Mr Micawber’s oft quoted recipe for happiness from David Copperfield is not a bad foundation for the DIY investor:
‘Annual income twenty pounds, annual expenditure nineteen nineteen and six, result happiness. Annual income twenty pounds, annual expenditure twenty pounds ought and six, result misery.’
Here we look at some of the basics you should consider before you start to build an investment portfolio.
Old Wilkins clearly knew a thing about budgeting and a very good place to start a journey towards financial freedom is by setting a budget – spend less than you earn and save or invest the difference.
It is a good discipline to keep a spreadsheet of income and expenditure and to start to look at items of expenditure that may be non-essential. Consistently spending more than you earn is not sustainable but if you find there is a surplus that could be put to work in your investments.
Annual income twenty pounds, annual expenditure nineteen nineteen and six, result happiness. Annual income twenty pounds, annual expenditure twenty pounds ought and six, result misery
Whilst borrowing may be an inevitable part of modern life, servicing expensive debt is rarely conducive to a successful long term investment strategy; you’ll almost certainly pay out more to cover your debts than you’ll earn from your investments, and you should try to pay off debt as soon as possible. The less you borrow the less interest you’ll pay and the less vulnerable you’ll be to a rise in interest rates.
It is also prudent to ensure that you have a rainy day fund to cover up to six months’ household expenditure in the case of emergency; albeit currently meagre, an instant access Cash ISA will at least deliver some tax free interest on your deposit whilst being available at any time you might need it.
Make a will – The UK is suffering from ‘wills apathy’, with more than 30 million adults failing to make provisions for when they die. Two thirds of those aged between 35 and 54 and one third of those over 55 are living without a will, despite 92% of people having a firm idea of who they would like to see their money go to when they die.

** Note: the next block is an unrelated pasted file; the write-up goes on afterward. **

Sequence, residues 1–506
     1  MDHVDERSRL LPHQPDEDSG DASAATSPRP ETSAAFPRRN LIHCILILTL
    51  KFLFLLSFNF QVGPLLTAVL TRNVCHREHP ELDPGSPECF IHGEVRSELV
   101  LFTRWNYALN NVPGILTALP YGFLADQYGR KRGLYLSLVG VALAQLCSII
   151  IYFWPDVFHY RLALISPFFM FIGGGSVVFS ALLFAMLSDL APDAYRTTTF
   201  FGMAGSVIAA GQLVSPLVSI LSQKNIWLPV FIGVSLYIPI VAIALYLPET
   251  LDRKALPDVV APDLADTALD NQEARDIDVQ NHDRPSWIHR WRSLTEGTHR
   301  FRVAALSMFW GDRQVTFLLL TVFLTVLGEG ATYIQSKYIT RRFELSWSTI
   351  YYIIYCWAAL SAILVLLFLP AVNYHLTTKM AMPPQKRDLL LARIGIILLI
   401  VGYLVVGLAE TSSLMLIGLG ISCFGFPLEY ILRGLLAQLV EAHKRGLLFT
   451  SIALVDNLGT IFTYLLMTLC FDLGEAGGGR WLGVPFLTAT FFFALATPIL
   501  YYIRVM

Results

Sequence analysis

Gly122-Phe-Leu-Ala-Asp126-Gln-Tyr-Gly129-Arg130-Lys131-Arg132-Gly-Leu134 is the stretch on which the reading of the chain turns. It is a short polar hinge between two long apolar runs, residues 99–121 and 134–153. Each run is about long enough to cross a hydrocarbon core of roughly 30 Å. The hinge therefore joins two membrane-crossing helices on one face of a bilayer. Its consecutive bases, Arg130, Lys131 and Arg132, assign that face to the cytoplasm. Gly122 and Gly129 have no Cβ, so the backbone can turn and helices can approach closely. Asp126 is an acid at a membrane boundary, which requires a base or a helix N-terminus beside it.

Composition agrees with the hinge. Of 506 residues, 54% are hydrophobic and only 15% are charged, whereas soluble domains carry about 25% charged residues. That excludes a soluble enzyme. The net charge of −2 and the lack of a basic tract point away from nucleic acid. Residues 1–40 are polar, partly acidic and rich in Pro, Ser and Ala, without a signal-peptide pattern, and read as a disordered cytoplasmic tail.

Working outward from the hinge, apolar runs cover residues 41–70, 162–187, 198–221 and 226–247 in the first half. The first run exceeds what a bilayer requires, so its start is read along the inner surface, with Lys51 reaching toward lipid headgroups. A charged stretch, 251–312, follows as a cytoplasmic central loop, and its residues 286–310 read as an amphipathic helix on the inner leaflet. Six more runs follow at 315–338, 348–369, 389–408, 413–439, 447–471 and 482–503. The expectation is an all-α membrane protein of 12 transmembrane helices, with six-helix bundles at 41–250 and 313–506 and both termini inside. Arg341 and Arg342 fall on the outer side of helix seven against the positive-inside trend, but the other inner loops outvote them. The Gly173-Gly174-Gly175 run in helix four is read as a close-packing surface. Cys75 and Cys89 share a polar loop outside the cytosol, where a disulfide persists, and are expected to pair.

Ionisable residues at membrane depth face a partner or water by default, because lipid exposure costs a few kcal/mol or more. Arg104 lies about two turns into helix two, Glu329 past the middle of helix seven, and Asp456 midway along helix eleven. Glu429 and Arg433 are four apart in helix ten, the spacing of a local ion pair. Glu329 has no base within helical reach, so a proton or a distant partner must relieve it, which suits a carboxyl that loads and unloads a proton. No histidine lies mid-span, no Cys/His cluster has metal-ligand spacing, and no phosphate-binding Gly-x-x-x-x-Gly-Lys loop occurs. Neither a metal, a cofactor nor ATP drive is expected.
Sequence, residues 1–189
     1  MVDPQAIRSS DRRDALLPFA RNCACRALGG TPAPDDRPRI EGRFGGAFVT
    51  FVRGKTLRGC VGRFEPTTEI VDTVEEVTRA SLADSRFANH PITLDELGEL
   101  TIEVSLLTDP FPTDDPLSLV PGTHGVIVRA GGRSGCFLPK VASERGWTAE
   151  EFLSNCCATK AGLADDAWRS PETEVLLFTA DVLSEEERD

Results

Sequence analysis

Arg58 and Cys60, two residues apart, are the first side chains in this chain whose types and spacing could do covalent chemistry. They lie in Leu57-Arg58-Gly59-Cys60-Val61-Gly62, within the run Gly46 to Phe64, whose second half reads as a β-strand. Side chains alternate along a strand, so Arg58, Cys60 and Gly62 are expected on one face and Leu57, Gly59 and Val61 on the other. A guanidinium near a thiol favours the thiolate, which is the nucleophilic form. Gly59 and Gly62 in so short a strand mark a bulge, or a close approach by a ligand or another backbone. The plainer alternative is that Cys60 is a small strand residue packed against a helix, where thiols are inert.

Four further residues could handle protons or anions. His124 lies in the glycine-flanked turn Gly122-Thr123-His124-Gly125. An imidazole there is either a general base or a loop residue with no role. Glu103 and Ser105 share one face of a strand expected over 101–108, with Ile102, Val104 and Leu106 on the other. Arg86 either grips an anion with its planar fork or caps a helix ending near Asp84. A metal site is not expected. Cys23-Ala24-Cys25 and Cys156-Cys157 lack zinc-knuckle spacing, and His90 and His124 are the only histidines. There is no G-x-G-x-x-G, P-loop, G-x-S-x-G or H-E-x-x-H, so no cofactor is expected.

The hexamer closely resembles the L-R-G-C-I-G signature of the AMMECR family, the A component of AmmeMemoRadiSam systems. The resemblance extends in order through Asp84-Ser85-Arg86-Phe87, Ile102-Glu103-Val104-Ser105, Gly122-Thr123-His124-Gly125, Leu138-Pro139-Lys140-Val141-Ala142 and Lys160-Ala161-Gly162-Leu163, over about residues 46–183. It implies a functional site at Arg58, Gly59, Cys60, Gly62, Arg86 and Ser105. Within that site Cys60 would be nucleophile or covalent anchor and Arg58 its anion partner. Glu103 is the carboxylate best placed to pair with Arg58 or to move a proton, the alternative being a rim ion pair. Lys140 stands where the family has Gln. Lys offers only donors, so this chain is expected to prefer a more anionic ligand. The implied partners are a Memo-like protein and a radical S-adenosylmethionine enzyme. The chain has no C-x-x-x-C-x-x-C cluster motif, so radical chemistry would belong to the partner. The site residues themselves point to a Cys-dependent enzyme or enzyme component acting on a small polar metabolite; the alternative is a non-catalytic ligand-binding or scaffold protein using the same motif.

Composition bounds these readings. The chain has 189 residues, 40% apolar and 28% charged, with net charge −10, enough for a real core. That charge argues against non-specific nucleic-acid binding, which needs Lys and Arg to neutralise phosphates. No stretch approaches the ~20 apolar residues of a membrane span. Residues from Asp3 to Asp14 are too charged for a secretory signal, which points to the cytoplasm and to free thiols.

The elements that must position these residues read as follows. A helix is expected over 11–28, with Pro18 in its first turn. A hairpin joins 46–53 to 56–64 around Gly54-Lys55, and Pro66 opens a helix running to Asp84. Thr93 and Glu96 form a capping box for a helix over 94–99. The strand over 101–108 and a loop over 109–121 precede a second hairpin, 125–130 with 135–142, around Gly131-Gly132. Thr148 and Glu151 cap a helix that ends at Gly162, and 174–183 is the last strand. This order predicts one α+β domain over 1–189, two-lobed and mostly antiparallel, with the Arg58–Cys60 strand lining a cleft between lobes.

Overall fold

Two thirds of those aged between 35 and 54 and one third of those over 55 are living without a will
But dying intestate (without a will) means the government will decide the order of who gets what from your estate – and if no one comes forward then the government will take the lot.
Not having a will in place could also result in inheritance tax being due before the estate is released, so grieving families may be forced to take out expensive loans in order to release the assets.
Those over 50 should consider a Lasting Power of Attorney (LPA) which appoints someone of your choice to manage your finances if you are unable to do so yourself for reasons of physical or mental infirmity.
This is also the time to protect your family’s financial security in the event of unforeseen events.
Ensure that you have enough critical illness, unemployment or life insurance to pay off your mortgage and other debts and provide for your family.
Insurance is often seen as a necessary evil, but by ensuring you have sufficient cover in place it may be that your dependents receive a handy lump sum at precisely the time they need it most; you may even find that you are currently duplicating sickness or life assurance cover that comes as part of the terms of your employment, in which case, you’ll have a little something more to put into the investment pot.